Privacy Policy 101: What Every Website Owner Should Know

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Privacy Policy 101: What Every Website Owner Should KnowHere are Internet Lawyer Mike Young’s answers to frequently asked questions (FAQs) about website privacy policy requirements. If you own a website, this is vital information for protecting yourself from lawsuits and government investigations.

General Information About Website Privacy Policies

Q: What is a website privacy policy?

A: It’s the legal document that describes the website owner’s policy with respect to the privacy rights of site visitors.

These rights may be multi-tiered.

For example, a website visitor may have different rights and responsibilities than a paying customer with access to a restricted membership area.

Related Article: 5 Warning Signs You’re Using The Wrong Website Legal Documents

In addition to the legal aspects, a good privacy policy builds trust between the site owner and visitors.

On the other hand, the lack of a policy (or a poorly drafted one) creates suspicion the website owner is dishonest or an amateur treating the site like a hobby.

5 Warning Signs You’re Using The Wrong Website Legal DocumentsQ: Are privacy policies required?

A: Although not all jurisdictions require websites to have privacy policies, some countries and states do.

The problem with this is that most sites do not restrict access by geographic location. This means that if you’ve got a site with visitors from another state that requires sites have privacy policies, you have potential liability issues even if the location(s) where your site is based and hosted do not have such requirements.

Even if you win, it’s costly to defend against a lawsuit by a state’s attorney general or a consumer protection lawyer who attempts to get a class action certified again you as site owner for violating privacy laws you may not have even known existed.

Q: Can I save money by writing my own policy from scratch?

get website legal protectionA: Probably not. Imagine you broke your arm with a compact fracture. The bone has pierced the skin.

Would you try to stop the bleeding, stitch up the wound, and set the bone at home with a do-it-yourself cast to save a trip to the emergency room? Chances are you’d end up spending a fortune later in medical bills trying to save the arm from amputation.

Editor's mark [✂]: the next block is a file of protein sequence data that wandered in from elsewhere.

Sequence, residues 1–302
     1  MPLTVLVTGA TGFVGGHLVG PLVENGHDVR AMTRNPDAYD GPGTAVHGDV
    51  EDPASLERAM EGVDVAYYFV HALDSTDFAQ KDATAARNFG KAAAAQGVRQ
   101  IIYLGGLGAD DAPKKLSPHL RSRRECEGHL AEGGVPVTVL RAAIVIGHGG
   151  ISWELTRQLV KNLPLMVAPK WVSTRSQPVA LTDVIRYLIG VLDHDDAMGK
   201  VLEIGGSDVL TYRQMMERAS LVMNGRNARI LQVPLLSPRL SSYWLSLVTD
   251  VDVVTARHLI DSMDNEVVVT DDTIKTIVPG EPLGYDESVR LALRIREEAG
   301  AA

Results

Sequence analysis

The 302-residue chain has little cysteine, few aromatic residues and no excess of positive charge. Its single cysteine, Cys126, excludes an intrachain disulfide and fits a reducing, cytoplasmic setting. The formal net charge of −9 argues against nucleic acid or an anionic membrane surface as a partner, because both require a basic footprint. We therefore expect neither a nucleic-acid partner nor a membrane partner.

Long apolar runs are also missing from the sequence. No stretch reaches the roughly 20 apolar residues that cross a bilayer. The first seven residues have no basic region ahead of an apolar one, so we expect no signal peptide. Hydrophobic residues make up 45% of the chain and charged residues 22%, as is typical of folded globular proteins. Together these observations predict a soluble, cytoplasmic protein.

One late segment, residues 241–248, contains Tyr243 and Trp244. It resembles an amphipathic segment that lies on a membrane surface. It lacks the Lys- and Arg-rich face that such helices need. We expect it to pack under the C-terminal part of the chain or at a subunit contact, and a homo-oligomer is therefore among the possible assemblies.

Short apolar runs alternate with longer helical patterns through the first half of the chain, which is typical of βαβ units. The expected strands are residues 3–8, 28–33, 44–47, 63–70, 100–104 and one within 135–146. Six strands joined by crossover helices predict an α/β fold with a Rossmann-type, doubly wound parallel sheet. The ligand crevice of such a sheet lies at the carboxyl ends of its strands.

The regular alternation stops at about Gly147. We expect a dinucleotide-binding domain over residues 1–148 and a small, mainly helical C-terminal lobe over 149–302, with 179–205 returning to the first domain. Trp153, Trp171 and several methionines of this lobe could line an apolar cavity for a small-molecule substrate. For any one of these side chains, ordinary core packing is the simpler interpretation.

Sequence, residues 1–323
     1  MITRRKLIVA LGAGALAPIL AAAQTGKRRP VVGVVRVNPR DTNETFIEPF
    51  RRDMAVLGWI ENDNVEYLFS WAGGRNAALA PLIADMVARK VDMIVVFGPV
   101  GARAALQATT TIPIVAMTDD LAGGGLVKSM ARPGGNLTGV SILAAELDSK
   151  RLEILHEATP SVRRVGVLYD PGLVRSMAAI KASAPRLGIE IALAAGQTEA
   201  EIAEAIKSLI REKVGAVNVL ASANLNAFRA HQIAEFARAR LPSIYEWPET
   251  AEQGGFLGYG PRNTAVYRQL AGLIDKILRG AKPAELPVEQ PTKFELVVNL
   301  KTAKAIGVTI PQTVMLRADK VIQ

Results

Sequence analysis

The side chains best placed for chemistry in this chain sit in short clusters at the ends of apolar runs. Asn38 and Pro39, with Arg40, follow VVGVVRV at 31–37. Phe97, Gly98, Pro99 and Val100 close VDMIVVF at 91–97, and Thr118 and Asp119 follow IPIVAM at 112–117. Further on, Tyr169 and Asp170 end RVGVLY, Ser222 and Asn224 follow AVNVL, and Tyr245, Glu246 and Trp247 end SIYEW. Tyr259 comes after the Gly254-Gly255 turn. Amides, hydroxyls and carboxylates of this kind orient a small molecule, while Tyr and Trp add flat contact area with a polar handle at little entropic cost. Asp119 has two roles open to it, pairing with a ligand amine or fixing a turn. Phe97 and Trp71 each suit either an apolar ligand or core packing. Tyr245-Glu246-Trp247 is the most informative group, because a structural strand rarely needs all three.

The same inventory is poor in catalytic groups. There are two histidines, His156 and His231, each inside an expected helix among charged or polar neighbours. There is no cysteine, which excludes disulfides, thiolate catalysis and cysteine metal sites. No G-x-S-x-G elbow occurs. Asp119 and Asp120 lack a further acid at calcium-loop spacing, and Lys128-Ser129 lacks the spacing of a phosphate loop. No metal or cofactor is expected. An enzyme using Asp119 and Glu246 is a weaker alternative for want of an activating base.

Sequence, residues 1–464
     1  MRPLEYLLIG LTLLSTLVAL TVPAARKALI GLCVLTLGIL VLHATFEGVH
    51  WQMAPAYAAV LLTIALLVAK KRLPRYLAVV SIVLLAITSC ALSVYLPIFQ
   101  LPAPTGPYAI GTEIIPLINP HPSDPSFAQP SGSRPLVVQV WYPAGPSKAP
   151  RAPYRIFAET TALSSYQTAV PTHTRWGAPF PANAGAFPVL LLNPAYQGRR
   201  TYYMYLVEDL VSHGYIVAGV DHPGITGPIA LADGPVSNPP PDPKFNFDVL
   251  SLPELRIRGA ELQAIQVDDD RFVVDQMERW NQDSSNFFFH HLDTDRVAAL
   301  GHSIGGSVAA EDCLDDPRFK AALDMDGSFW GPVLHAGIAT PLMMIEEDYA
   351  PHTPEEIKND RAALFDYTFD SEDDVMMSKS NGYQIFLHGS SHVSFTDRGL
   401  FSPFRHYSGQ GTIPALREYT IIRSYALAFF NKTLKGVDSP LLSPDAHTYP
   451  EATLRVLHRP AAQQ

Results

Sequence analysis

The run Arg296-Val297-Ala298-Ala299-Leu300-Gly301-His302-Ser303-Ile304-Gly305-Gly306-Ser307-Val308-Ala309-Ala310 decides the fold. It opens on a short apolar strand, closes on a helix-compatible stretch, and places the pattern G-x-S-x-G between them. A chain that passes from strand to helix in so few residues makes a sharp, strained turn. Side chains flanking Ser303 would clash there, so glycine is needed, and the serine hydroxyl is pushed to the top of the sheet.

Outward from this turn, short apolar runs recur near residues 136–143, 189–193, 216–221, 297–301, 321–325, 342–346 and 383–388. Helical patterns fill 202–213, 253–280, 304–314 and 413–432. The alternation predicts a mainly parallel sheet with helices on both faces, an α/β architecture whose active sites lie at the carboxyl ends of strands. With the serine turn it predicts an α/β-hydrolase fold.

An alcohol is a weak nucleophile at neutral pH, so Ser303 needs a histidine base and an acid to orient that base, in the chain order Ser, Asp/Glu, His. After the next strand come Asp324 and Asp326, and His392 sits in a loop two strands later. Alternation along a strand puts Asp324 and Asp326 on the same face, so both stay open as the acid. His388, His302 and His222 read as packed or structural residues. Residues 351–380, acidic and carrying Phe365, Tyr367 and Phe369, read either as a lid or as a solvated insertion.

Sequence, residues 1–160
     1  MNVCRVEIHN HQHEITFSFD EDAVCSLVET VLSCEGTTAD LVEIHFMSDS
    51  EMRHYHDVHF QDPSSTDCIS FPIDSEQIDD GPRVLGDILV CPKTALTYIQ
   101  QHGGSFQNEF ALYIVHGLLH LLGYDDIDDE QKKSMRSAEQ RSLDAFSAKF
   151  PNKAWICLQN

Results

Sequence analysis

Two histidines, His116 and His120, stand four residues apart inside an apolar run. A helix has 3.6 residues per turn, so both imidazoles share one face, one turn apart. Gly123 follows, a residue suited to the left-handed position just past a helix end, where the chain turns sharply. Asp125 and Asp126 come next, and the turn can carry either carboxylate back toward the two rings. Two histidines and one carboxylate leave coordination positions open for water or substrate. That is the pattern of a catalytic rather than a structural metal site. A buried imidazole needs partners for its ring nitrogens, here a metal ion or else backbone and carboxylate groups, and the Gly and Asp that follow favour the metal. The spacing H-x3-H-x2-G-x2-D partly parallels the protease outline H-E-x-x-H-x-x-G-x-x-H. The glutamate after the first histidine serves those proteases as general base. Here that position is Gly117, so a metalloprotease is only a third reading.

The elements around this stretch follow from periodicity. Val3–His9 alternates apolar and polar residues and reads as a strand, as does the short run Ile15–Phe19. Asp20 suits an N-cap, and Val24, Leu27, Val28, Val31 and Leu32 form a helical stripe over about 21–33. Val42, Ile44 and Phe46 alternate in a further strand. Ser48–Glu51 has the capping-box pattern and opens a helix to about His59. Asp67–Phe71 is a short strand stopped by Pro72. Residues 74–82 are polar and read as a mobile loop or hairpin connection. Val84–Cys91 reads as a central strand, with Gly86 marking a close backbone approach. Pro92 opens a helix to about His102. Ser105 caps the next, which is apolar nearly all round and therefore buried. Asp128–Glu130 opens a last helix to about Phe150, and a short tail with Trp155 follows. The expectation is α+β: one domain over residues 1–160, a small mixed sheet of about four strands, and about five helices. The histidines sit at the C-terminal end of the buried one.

The same principle applies to legal issues like online privacy rights. It’s penny-wise and pound foolish to cut corners here pretending to be an experienced Internet business lawyer…

Google Privacy Policy, the FTC, and Your Rights

By | Business Legal Alerts, Federal Trade Commission, Privacy, Social Media, Social Networking | No Comments

According to the WaPo’s Craig Timberg (“Google facing FTC scrutiny over privacy — yet again”), Google has been accused in a consumer advocate complaint to the U.S. Federal Trade Commission (FTC) of engaging in deceptive trade practices by changing its privacy policy earlier this year to permit merging user profile data collected across the company’s various platforms.

Whether or not there is anything wrong with the Google privacy policy change remains to be seen. The FTC may even dismiss the claim on the merits.

What is clear is that the general rule of Internet free services applies. If you’re not paying for the service, you’re the product. It’s a Faustian bargain you enter into willingly with every online service that you use (from Facebook to Gmail).

Rule of Internet Free Services: You trade information about yourself and others in exchange for the service provider delivering what you want.

And if you don’t want to trade that information to be used for targeted advertising and other purposes, don’t use the “free” service. It’s really that simple.

Evernote Privacy Policy Change: Much Ado About Nothing

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evernote privacy policy updateUpdateEvernote has rescinded its planned change to its privacy policy because of the backlash. Users must affirmatively opt in before the company’s employees will be reading the content of user notes as part of the machine learning process. This is somewhat silly because the same issue has been ignored for many years by Evernote users who also use “free” email services like Gmail and Yahoo mail.